Baby steps to Tai Chi

The photos I posted today are inspired by a Tai Chi video I watched recently; accept them as a fun contribution to today’s article and do not attempt Tai Chi by copying the movements, although I would be flattered if you did 🙂

Tai Chi is the yoga of the far East, representing an important element of the Chinese philosophical/medical/religious system. Just like India, China is also a home of the millennia old holistic medical system, based on the belief of using preventive measures in maximizing health and maintaining a balanced lifestyle. Yin and Yang, a concept I abstractly introduced on my Tuesday post, summarizes the entire philosophy behind why one should strive to maintain balance. Although it is not my intention to delve too deeply into the topic, a proper introduction is indeed important in order to understand the logic behind Tai Chi.

Yin and Yang a central theme in Taoist philosophy, is based on the theory of the contradictory but interdependent nature of opposites that are ever-present in both nature and everyday life. The role of the individuals (you and me) is therefore to be conscious and accepting of this reality and accommodating in away that it would best suit our interests. For example day and night are opposites but coexist with one another, and for that matter how would we know what is day if we couldn’t differentiate it from the night? In a nutshell, according to Taoism, the best strategy in managing wellbeing is acknowledging these contradictions as natural and seeking a balance between the good and the bad aspects of both.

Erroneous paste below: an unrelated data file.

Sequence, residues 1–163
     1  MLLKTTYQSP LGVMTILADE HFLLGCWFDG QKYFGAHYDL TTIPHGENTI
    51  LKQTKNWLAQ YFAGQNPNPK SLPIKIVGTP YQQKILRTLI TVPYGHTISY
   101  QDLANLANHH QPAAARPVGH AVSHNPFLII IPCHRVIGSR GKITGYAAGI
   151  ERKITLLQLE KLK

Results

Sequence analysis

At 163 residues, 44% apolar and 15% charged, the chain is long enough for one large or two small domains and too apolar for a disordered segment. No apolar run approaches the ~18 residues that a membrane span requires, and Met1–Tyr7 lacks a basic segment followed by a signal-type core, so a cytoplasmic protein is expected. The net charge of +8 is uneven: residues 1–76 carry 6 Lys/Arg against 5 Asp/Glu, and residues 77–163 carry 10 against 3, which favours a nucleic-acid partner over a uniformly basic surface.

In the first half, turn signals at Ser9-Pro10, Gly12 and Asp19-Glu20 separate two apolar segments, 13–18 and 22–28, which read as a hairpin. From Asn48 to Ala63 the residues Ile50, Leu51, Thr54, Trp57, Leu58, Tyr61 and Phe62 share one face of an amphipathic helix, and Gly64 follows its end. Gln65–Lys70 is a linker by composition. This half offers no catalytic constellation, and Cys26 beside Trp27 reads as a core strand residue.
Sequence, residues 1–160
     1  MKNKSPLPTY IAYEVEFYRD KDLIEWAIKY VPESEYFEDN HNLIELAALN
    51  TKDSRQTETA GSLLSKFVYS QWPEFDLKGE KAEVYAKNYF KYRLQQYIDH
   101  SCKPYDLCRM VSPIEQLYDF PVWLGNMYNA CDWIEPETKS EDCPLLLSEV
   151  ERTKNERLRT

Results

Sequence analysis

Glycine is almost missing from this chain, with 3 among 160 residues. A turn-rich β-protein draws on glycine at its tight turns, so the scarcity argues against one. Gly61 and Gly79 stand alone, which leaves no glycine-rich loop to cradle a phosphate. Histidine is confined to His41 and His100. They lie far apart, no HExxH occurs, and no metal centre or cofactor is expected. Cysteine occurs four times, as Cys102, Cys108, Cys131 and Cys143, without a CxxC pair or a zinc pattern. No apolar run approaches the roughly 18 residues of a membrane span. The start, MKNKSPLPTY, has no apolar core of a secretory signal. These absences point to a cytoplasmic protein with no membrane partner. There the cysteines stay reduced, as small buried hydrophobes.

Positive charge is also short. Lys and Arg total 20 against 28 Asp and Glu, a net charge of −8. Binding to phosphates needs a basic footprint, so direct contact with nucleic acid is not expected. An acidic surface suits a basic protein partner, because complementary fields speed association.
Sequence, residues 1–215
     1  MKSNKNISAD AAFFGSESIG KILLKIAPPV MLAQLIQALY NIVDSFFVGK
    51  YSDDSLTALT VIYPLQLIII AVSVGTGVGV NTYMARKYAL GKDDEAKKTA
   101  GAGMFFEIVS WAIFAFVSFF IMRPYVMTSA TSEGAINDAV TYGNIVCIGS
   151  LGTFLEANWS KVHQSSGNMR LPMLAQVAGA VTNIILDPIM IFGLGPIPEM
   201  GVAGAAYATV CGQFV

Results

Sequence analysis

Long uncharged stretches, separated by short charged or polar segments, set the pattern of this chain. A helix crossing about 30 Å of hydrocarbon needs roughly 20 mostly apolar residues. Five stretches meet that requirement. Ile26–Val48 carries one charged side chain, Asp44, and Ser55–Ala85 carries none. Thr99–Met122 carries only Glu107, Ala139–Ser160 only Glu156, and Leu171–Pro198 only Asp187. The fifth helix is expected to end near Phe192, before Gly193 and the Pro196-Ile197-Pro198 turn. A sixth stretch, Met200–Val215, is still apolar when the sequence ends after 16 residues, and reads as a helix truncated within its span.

Tai Chi is a technique invented to maintain this balance (along with others like acupuncture, herbal medicine, massage etc). Its aim is to activate the qi (or the energy flowing in our body), which due to stress, health or environmental reasons can be blocked, impeding a healthy functioning of our mind and body. Just like with yoga, the more consistent one is with Tai Chi practice the higher the benefits he/she achieves with the practice, due to the process nature of Tai Chi. With regular and disciplined practice the body inherits a learned behavior of accurately distributing misplaced energy. The benefits are to be enjoyed in every aspect of life as regular Tai Chi practitioners tend experience improved concentration, better discipline and a general sense of wellbeing in their social, family and work environments!

I highly recommend Tai Chi for people that appreciate holistic and preventive healing or simply for your own information. It is a refreshing alternative to Westernized emphasis on treating diseases rather then preventing them and on competitive result driven sports rather then process driven holistic practices.

One response to “Baby steps to Tai Chi

  1. Pingback: Active Asia! | Indigo Memoirs·

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